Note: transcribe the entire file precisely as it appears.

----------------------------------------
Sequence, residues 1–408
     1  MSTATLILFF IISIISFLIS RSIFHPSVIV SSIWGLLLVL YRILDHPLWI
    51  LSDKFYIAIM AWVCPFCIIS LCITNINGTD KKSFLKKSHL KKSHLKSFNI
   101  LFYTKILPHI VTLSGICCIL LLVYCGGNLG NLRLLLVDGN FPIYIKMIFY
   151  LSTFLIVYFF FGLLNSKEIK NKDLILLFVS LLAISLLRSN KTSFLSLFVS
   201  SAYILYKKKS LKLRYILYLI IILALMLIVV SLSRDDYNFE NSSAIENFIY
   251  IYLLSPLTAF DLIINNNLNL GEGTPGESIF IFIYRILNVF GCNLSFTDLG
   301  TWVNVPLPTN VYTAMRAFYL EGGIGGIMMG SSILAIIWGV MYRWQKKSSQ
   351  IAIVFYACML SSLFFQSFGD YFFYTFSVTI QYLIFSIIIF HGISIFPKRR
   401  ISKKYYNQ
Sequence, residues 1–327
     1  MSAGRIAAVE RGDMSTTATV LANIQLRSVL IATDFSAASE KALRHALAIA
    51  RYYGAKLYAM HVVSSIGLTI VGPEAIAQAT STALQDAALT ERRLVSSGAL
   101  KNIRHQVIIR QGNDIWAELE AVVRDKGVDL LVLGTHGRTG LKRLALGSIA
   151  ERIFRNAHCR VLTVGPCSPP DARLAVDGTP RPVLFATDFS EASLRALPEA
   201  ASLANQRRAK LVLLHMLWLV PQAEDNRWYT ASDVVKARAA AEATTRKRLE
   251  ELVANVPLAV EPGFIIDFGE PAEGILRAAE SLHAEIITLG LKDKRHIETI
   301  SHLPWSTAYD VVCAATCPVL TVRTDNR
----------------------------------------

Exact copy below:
Sequence, residues 1–408
     1  MSTATLILFF IISIISFLIS RSIFHPSVIV SSIWGLLLVL YRILDHPLWI
    51  LSDKFYIAIM AWVCPFCIIS LCITNINGTD KKSFLKKSHL KKSHLKSFNI
   101  LFYTKILPHI VTLSGICCIL LLVYCGGNLG NLRLLLVDGN FPIYIKMIFY
   151  LSTFLIVYFF FGLLNSKEIK NKDLILLFVS LLAISLLRSN KTSFLSLFVS
   201  SAYILYKKKS LKLRYILYLI IILALMLIVV SLSRDDYNFE NSSAIENFIY
   251  IYLLSPLTAF DLIINNNLNL GEGTPGESIF IFIYRILNVF GCNLSFTDLG
   301  TWVNVPLPTN VYTAMRAFYL EGGIGGIMMG SSILAIIWGV MYRWQKKSSQ
   351  IAIVFYACML SSLFFQSFGD YFFYTFSVTI QYLIFSIIIF HGISIFPKRR
   401  ISKKYYNQ
Sequence, residues 1–327
     1  MSAGRIAAVE RGDMSTTATV LANIQLRSVL IATDFSAASE KALRHALAIA
    51  RYYGAKLYAM HVVSSIGLTI VGPEAIAQAT STALQDAALT ERRLVSSGAL
   101  KNIRHQVIIR QGNDIWAELE AVVRDKGVDL LVLGTHGRTG LKRLALGSIA
   151  ERIFRNAHCR VLTVGPCSPP DARLAVDGTP RPVLFATDFS EASLRALPEA
   201  ASLANQRRAK LVLLHMLWLV PQAEDNRWYT ASDVVKARAA AEATTRKRLE
   251  ELVANVPLAV EPGFIIDFGE PAEGILRAAE SLHAEIITLG LKDKRHIETI
   301  SHLPWSTAYD VVCAATCPVL TVRTDNR